What does a fiber artist do when she finds herself allergic to her favorite materials? If you are Samantha Van Noy, you find ways to create hand dyed yarns from alternative fibers. When she discovered she was allergic to wool, Samantha developed her own processes to dye alternative fibers such as Tencel and cotton, giving her – and other wool-shy fiber artists – a creative palette with the depth and richness of traditional yarn.
How did you find yourself on a creative path? Always there? Lightbulb moment? Dragged kicking and screaming? Evolving?
I’ve always been a creative person. It’s been part of my life since I can remember. Creating, and in particular starting new projects, would ease my anxiety. It has been a part of my self-care routine since before I knew what self-care was. I was lucky to find a way to make being creative my life’s work and love that I am able to help others be creative now.
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What inspires you to create? How does your environment influence your creativity?
My creativity comes from everything I see. Often my creative spark comes from what I see in nature. The unexpected colours of a piece of lichen or the awe of the sky can inspire my work. Before dyeing yarn and thread I studied forestry and worked in the outdoor adventure industry. My time in nature is very important to my process.
Why fiber? How does that medium best express what you want to communicate through your art?
Textiles have always been a medium I connected with naturally. I started at the age of 5 and kept trying new forms of the medium from sewing, crochet, knitting, cross stitch and eventually spinning, weaving and dyeing.
When I started my master spinner certificate program, I learned to dye, and it gave me a new way to interpret colour. Blending colours of fiber together allowed me to experiment as my dyeing skills caught up with the vision I had. I love the ability to blend techniques when it comes to fibre arts from raw fibre to finished items. There are many different parts of the process. I can mix and match them to create a unique item with a unique path to get there.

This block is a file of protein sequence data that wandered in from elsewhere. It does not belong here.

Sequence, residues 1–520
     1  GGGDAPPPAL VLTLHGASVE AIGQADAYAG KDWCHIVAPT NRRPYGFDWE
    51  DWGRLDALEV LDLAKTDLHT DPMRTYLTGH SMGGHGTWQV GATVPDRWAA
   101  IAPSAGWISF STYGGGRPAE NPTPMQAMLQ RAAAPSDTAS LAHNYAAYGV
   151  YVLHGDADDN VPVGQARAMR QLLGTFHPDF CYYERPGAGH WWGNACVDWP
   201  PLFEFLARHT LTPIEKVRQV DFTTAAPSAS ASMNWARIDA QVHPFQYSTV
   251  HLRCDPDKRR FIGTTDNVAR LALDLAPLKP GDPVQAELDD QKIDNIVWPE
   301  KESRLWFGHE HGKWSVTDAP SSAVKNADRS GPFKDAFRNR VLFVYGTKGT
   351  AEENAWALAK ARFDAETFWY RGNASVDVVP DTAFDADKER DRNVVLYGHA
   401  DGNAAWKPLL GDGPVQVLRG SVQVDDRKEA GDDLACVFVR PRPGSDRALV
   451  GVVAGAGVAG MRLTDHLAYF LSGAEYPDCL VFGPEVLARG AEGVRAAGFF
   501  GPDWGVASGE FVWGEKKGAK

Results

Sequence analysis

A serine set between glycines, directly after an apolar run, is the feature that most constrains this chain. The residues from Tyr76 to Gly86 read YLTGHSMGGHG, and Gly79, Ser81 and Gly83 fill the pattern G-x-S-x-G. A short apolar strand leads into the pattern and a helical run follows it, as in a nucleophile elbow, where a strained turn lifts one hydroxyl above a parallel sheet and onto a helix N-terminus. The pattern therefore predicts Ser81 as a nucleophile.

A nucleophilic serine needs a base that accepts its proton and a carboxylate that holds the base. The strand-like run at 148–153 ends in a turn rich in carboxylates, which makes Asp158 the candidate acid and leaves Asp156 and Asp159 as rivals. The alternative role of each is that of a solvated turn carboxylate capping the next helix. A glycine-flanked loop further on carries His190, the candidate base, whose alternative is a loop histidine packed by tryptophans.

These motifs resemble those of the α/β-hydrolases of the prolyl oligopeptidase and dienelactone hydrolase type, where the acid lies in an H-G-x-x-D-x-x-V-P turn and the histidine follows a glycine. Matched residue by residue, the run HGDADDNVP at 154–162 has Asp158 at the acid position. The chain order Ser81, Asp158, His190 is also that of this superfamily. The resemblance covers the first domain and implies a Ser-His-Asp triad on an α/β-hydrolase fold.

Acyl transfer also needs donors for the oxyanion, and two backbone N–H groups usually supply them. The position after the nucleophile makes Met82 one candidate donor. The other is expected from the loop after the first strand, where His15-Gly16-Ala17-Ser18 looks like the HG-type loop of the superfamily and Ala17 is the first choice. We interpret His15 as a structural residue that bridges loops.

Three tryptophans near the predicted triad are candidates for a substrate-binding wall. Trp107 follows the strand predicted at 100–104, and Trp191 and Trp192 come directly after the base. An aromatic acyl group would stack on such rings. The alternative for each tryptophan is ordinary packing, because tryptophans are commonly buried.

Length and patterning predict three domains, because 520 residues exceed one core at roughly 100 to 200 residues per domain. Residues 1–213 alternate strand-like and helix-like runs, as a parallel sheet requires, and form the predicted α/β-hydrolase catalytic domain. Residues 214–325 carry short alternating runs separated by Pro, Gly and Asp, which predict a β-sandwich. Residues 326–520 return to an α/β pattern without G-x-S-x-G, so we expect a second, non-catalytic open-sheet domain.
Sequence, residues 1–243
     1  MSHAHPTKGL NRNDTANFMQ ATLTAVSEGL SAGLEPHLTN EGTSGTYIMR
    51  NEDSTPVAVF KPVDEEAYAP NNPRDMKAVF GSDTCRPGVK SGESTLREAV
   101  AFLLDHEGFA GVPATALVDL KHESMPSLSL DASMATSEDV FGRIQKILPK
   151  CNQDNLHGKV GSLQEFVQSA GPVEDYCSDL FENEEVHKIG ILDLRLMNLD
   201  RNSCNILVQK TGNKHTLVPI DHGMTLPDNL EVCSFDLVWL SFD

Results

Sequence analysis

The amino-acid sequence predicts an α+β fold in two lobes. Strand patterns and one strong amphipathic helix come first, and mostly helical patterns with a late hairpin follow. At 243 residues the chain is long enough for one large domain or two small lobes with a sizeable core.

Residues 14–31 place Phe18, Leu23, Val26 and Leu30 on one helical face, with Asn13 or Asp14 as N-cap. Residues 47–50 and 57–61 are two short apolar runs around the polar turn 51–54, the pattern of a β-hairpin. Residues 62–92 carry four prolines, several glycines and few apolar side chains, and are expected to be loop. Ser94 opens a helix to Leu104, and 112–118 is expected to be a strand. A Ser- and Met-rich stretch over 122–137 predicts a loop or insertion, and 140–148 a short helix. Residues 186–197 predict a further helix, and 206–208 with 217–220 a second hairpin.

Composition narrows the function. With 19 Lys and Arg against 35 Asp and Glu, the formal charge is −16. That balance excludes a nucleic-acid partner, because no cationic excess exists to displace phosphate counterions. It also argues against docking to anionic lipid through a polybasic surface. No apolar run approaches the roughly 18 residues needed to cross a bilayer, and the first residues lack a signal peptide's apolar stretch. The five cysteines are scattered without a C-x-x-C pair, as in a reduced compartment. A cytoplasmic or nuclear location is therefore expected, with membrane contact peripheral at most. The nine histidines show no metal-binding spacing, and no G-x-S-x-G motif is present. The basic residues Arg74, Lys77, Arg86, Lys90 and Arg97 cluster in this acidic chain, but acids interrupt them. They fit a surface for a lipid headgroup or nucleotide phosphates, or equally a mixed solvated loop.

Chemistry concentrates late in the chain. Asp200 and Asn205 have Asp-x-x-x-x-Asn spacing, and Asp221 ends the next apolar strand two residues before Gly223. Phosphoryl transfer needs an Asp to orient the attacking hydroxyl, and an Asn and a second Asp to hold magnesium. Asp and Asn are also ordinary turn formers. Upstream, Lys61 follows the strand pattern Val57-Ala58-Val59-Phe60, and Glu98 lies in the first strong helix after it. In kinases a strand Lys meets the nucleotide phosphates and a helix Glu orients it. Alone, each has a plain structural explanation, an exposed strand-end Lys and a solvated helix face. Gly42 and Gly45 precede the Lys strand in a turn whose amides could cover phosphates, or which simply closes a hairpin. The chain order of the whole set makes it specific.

What inspired you to specialize in vegan yarns? What makes them unique?
I had no plans on starting a vegan yarn company. I actually started in wool.
After years of dyeing, felting, knitting and weaving wool I suddenly became allergic to all wool. My specialty was Canadian wool, and I prided myself in sourcing fibre directly from the sheep and producing unique yarns. When my allergy started it was obvious that wool would no longer be an option. My allergy symptoms were respiratory, and breathing is essential. Honestly, at first, I was going to just get out of the industry, but I couldn’t find any yarns on the market that I wanted to work with.
Nothing compared to the amazing hand-dyed yarns I was accustomed to. I knew there must be other people like me who can’t or don’t want to use wool who would love options. Within a week I had samples of yarn bases on their way and the appropriate dyes on order.
Which of your plant-based fibers is most popular? Why do you think that is?
My most popular yarn is my cotton sock yarn which is custom made to my specifications. The weight, familiarity with cotton, and the availability of fingering weight patterns I believe is why it’s so popular. With that being said the Tencel thread we hand-dye is now our favorite because anyone who can thread a needle and stab fabric can use it for embroidery.
How do you start your studio day?
My days in the studio vary a lot and running a business does mean I don’t get to spend every day creating. I love starting my days checking in on the community of creative product-based businesses I am part of before diving into my work for the day.
Sitting with my coffee in the office, but through technology being able to reach out to hundreds of other creatives, is incredible. Without that the studio would be a lonely place day in and day out.
When it comes to creating, are you more of a planner or an improviser?
I LOVE to plan things. I live on graph paper and make detailed plans which is part of the reason I love quilting so much.